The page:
Last month, President Joe Biden announced an executive order reviewing Title IX regulations and how they pertain to sexual misconduct. This review comes less than a year after the Trump administration released rules that, among other things, narrowed the definition of sexual harassment to offenses that are “severe, pervasive, and objectively offensive” as well as restricted the type of offenses universities must intervene in to those occurring on campus or “in conjunction with an education program or activity."
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Penn administrators recently announced plans to return to in-person classes, research, and campus living for fall 2021. In the announcement, they cited widespread COVID-19 vaccine distribution, projections of increased vaccine supply in the coming months, and campus safety measures as reasons to expect a return to in-person activities in the fall. According to current projections, most Americans will be able to receive COVID-19 vaccines by the end of the summer, which would greatly reduce the risks associated with in-person University activities.
The COVID-19 pandemic killed higher education as we know it. Instead of being a time when students could experiment with adulthood, many students were relegated to their childhood bedrooms as they took classes online. Knowing that their campus community faced more than normal amounts of stress, anxiety, and responsibilities, Penn and its Ivy League peers instituted pass/fail policies over the past few semesters, often allowing students to pass/fail courses while still counting towards academic requirements.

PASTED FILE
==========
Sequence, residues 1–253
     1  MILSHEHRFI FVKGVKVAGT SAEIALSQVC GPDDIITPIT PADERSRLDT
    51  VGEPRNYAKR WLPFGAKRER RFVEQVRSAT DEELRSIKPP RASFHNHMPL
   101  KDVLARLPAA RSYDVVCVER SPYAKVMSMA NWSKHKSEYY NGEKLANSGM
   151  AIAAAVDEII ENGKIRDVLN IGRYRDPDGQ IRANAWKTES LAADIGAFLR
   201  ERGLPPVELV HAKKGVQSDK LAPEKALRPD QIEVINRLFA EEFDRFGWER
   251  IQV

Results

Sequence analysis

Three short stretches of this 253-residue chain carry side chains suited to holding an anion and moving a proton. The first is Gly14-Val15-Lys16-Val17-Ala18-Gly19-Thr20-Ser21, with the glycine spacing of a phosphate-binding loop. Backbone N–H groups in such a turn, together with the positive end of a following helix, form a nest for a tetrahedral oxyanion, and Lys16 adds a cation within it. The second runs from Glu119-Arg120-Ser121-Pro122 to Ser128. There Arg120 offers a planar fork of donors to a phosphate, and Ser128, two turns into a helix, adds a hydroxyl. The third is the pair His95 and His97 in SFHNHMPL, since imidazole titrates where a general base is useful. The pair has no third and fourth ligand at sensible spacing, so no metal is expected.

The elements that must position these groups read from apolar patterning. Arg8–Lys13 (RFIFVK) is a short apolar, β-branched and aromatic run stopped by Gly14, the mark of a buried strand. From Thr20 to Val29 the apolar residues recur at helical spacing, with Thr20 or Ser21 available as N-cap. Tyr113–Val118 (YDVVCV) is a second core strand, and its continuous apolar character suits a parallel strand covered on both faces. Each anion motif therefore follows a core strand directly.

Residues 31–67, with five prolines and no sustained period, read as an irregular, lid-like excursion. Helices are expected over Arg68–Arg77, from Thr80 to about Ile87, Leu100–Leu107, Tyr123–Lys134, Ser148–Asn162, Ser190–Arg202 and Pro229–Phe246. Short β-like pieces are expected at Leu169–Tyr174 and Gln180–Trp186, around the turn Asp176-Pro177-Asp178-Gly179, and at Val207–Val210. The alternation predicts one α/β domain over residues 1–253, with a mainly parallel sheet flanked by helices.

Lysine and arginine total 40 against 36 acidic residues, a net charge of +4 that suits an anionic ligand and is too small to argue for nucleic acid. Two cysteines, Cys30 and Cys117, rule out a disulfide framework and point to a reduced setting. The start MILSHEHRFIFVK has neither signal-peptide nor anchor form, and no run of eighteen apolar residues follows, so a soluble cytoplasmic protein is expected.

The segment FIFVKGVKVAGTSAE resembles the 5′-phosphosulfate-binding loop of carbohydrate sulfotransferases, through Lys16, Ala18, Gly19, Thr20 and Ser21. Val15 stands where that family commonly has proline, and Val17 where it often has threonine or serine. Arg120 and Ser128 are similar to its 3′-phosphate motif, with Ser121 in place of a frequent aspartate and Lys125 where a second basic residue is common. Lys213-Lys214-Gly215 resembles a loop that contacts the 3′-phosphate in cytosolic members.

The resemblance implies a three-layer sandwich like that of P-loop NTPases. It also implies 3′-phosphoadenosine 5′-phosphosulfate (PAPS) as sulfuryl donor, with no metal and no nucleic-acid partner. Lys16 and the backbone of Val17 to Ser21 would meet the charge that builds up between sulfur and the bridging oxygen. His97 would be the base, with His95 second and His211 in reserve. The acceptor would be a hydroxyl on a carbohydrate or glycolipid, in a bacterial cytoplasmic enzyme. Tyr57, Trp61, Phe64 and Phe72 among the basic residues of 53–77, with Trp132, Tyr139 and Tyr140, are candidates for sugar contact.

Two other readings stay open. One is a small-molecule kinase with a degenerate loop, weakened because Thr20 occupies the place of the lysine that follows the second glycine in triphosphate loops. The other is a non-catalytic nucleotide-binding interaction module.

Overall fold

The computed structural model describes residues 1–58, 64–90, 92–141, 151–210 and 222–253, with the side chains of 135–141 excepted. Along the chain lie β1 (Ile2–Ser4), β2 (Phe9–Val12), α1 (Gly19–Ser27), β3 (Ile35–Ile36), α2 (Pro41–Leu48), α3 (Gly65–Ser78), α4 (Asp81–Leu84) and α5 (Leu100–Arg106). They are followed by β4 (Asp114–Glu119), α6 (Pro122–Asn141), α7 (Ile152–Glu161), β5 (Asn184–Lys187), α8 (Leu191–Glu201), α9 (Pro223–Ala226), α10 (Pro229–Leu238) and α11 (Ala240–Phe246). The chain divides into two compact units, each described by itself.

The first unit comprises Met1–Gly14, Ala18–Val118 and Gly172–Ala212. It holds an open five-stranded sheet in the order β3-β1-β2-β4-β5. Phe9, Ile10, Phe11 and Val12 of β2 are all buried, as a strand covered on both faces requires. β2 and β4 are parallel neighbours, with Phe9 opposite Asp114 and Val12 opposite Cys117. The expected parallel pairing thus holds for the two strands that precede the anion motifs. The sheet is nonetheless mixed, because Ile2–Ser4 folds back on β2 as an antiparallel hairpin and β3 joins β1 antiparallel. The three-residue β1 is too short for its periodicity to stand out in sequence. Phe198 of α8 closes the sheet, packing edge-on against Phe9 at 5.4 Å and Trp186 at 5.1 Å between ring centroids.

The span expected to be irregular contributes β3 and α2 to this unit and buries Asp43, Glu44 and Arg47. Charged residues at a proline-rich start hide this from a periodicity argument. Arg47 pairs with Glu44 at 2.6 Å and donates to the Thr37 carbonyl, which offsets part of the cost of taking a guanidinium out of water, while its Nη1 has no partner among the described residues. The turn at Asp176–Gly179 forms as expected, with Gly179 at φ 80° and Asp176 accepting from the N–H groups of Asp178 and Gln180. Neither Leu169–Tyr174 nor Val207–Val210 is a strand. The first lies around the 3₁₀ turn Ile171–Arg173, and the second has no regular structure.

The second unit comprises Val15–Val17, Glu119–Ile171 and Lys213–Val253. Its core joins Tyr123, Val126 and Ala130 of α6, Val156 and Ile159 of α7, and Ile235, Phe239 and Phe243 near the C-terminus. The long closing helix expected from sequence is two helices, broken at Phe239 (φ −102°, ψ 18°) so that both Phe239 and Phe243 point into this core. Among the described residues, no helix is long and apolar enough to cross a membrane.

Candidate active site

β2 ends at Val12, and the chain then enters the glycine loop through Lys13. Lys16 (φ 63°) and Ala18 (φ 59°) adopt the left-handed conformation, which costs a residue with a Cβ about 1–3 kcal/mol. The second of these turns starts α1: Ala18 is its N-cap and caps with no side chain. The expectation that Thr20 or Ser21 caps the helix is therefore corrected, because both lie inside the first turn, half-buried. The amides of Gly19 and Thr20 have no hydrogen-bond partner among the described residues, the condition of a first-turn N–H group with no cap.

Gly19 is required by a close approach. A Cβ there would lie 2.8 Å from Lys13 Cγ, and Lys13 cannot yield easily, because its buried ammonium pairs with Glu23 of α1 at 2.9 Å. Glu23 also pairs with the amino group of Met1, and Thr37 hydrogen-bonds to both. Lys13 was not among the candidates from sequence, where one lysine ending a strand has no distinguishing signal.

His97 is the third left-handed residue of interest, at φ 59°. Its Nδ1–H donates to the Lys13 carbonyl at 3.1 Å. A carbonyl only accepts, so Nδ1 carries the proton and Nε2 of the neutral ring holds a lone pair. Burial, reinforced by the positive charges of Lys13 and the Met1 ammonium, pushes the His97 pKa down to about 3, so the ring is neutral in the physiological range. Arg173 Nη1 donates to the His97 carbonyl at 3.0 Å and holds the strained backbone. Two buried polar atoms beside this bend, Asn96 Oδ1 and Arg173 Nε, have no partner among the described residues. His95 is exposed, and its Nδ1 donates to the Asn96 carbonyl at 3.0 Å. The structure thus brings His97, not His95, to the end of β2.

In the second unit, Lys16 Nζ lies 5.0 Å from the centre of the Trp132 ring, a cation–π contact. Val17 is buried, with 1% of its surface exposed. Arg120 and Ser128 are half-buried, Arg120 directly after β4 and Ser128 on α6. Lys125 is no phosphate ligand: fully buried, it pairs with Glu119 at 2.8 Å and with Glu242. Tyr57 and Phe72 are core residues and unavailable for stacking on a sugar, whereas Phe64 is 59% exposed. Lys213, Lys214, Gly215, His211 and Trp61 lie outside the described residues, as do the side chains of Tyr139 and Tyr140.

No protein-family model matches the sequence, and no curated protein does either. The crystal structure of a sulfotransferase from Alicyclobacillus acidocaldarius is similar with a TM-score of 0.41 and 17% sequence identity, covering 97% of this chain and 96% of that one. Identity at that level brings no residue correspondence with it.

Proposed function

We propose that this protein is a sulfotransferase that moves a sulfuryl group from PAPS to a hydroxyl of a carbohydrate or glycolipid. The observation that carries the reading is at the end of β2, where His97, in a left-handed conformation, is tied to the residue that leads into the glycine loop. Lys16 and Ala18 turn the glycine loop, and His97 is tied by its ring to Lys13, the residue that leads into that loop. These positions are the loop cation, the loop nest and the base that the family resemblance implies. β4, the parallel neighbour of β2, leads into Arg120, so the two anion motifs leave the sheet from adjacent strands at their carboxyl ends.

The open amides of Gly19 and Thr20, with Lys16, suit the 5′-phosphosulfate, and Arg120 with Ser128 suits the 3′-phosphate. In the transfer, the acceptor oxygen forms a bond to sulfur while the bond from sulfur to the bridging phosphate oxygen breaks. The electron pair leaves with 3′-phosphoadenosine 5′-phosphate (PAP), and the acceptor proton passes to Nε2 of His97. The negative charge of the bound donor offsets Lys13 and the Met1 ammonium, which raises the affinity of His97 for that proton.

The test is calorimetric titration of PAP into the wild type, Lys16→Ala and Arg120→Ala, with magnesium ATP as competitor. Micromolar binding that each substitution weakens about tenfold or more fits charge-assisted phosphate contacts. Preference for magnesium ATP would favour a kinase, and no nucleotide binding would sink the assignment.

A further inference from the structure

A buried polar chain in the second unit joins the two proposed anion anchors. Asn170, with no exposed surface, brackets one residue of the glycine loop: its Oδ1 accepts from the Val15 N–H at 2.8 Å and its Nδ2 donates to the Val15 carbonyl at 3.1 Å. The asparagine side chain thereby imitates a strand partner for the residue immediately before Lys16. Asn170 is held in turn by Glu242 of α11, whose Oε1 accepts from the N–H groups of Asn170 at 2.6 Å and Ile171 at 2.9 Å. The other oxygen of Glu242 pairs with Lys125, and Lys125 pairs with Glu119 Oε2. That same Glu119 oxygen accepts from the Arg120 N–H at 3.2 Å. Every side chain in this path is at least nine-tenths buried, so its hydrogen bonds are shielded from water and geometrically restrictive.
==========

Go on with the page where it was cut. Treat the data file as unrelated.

Since the beginning of the spring semester, a worrisome number of Penn students have exhibited callous and careless behavior with regards to the COVID-19 pandemic as demonstrated by Penn’s uniquely high case rates, the continuation of parties and gatherings despite social distancing guidelines, and the faking of Penn Open Passes to get around the University’s rules. Although case rates have declined in recent weeks, many students have continued to behave irresponsibly, both misusing their privilege and actively causing harm to others.
A few weeks ago, Provost Wendell Pritchett stated at the Board of Trustees meeting that there is a "50-50 chance" Penn could begin vaccinating students before the end of the spring semester. The recent promise by President Biden that the United States would have enough vaccines for all adults by the end of May likely confirms this, and may even speed up the timeline.
This past week, Harvard and Columbia announced their commencement plans, leaving Penn as one of two Ivies yet to announce its intentions regarding commencement. With the other Ivies split on whether or not an in-person ceremony is possible, it is not clear how Penn will weigh in on the issue. Although the University can be expected to make an announcement in the coming days and weeks, the Daily Pennsylvanian’s Editorial Board believes Penn should hold an in-person ceremony, provided the University meets the conditions necessary to hold such a ceremony responsibly.
Last Thursday, former Penn Presidential Professor of Practice and President of the United States Joe Biden participated in a CNN town hall. During the event, Biden was asked how he would make student debt forgiveness happen. In response, the 46th President stated that debt forgiveness should be limited to $10,000 per student, specifically arguing that it made little sense to forgive student loans held by students who went to schools such as Penn.
University officials recently announced the appointment of Whitney Soule as Penn’s next dean of admissions and vice provost. Soule, who will assume the position on July 1, is currently senior vice president and dean of admissions and student aid at Bowdoin College.
This past Monday, the University announced that all sophomores, starting with the Class of 2024, would be required to purchase one of three meal plans. The decision to mandate meal plans for sophomores, in conjunction with Penn’s soon to be implemented on-campus housing requirement for sophomores, represents a broader trend by the administration to build a so-called “Second Year Experience,” or SYE.